Friday, December 27, 2019

Six Mile Hexes links

For a variety of reasons, I've been thinking about 6 Mile Hexes. Not that I run a hexcrawl, but still, it's useful metric to keep in mind when thinking about PCs and NPC carving out kingdoms.

I decided to put together some links that I've found useful concerning them.

In Praise of the 6 Mile Hex

How Much Adventure in One 6 Mile Hex?

So Hex Size in Square Miles (about 32 miles)

The AD&D DMG discusses setting up a stronghold by clearing an area, and discussed 20-40 mile hexes (p. 47) and even 200 yard hexes for small-scale mapping (p. 93).

What other links should I add for discussions of the basic structure of a six-mile hex for domains or exploration?


  1. Six mile hexes are ideal. Thanks for putting a marker down on them for folks to think about.

  2. Other than being a five-mile hex fellow myself (easier math in a hex crawl), I'll recommend products since goodness knows I have loads of them:

    On Downtime and Desmesnes. Guidelines for amount of stuff in a hex in the appendices, some domain guidance in the main text.

    ACKS. The system itself is set up to have the domain game, plus Lairs & Encounters has some guidelines for number of monster lairs in a hex early in the book.

    d30 Sandbox Companion. Among other things, there's more detail for the physical features of a six-mile hex.

    Ready Ref Sheets. The daddy of them all, it has tables for the physical details of a lair, something nobody puts in tables anymore. Alexander Macris of ACKS told me on Discord once that this is what he used for Lairs & Encounters.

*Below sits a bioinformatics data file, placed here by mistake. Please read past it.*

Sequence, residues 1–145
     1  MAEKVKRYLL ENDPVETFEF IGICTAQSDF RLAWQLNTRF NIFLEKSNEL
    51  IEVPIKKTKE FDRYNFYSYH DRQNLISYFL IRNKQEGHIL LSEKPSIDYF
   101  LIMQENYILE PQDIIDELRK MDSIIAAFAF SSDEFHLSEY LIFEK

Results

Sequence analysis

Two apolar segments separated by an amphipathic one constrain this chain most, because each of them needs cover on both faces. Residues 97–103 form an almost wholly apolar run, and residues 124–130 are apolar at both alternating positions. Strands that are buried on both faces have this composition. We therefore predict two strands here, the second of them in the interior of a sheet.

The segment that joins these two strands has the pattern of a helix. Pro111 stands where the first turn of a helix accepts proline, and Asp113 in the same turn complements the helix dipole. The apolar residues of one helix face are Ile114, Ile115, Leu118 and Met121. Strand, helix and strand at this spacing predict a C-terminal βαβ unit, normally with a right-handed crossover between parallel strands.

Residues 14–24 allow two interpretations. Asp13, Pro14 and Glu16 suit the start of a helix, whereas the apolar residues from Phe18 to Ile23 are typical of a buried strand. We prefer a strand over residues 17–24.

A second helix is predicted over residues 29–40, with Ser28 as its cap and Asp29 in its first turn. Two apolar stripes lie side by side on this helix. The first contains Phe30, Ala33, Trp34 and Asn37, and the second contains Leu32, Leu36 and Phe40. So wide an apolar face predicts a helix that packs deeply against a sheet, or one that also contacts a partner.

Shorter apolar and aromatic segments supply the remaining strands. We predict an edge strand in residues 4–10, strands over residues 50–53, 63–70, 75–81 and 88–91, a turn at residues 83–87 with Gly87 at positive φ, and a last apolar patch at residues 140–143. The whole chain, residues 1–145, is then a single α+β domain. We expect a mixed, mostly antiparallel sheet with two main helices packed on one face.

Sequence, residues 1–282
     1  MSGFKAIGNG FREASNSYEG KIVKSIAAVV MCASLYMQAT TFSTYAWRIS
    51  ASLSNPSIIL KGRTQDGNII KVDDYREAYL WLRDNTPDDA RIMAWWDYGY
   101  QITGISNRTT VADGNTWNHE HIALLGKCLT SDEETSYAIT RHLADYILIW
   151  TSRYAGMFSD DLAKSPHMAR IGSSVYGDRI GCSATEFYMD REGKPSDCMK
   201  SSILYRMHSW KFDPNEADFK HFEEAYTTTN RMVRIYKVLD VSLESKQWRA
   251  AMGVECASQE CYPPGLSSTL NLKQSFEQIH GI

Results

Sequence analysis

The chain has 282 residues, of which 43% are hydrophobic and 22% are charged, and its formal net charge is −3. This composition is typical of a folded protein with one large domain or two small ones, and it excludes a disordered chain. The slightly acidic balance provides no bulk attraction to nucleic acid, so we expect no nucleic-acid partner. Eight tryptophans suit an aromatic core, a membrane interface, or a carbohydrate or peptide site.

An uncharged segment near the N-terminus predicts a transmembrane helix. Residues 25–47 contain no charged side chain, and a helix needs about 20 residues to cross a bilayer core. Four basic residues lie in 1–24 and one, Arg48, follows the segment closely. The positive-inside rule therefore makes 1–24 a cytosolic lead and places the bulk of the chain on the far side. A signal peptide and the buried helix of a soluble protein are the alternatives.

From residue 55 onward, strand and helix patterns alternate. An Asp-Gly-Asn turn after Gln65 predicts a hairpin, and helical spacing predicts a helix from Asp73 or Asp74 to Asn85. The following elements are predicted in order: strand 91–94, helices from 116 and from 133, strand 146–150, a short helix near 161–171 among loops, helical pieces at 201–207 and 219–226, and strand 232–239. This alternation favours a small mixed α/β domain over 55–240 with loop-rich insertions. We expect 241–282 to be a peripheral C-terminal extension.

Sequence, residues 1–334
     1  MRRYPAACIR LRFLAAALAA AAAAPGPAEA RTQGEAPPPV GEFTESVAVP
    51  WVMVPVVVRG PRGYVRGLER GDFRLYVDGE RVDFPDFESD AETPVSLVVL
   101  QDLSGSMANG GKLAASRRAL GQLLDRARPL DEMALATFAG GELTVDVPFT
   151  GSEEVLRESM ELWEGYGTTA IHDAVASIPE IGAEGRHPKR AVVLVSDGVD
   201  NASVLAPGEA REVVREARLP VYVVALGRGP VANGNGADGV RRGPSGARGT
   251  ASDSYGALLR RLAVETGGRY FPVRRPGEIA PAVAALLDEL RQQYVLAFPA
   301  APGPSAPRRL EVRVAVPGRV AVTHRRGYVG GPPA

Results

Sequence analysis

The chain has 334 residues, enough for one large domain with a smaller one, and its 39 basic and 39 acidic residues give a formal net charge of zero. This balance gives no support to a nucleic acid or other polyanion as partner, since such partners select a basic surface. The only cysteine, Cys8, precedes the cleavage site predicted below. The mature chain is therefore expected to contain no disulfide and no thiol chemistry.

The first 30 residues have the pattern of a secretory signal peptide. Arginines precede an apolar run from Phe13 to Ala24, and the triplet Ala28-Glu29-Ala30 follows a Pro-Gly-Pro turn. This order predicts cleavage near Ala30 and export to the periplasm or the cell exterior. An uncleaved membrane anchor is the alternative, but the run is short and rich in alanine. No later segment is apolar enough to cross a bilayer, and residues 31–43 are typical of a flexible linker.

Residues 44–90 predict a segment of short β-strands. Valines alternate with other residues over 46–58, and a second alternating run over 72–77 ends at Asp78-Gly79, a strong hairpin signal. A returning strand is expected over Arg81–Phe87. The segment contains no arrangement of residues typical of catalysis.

1. I was thinking blog posts more than products, but these are helpful. I have ACKS and the Ready Ref Sheets. I found the latter a lot of fun but I haven't actually used any of them.

  3. Don't forget The Welsh Piper. I've used this, specifically, to good avail in creating hex maps:

    Also, like him or not, Zack had a good set of tables for sussing out general info on dungeons as you place them. Again, I've used it to good effect in hex mapping:

    I'll post more later when I can get ti my computer and do this right.

    1. I hadn't seen that earlier link.

      Zak is tough, because he's very creative but also fairly toxic to deal with. It's not really dungeon placement or dungeon contents that I found interesting about 6-mile hexes or wilderness in general, but rather the ins and outs of navigating and dealing with terrain and travel in that interests me. Dungeons . . . I can do dungeons very easily. That's what I started out gaming with.

  4. What's the logic behind 6 mile hexes over 5 miles? Is it just a traditional convention? The latter always seems preferable from a math calculation standpoint, especially if daily travelling distances were rounded to nearest 10 miles.


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